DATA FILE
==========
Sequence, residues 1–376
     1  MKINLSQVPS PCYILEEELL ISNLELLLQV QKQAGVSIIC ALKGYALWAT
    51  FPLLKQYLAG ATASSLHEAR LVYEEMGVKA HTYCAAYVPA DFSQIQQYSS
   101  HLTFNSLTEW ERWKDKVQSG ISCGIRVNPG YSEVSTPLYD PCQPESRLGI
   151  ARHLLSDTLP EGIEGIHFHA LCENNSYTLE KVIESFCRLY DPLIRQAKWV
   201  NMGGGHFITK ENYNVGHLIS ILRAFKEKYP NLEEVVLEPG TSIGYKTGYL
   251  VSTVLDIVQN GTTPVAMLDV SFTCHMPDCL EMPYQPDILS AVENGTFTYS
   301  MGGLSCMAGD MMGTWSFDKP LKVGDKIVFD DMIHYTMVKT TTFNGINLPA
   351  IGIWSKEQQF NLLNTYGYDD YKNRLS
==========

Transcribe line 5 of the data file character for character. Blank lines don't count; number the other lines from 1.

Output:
   151  ARHLLSDTLP EGIEGIHFHA LCENNSYTLE KVIESFCRLY DPLIRQAKWV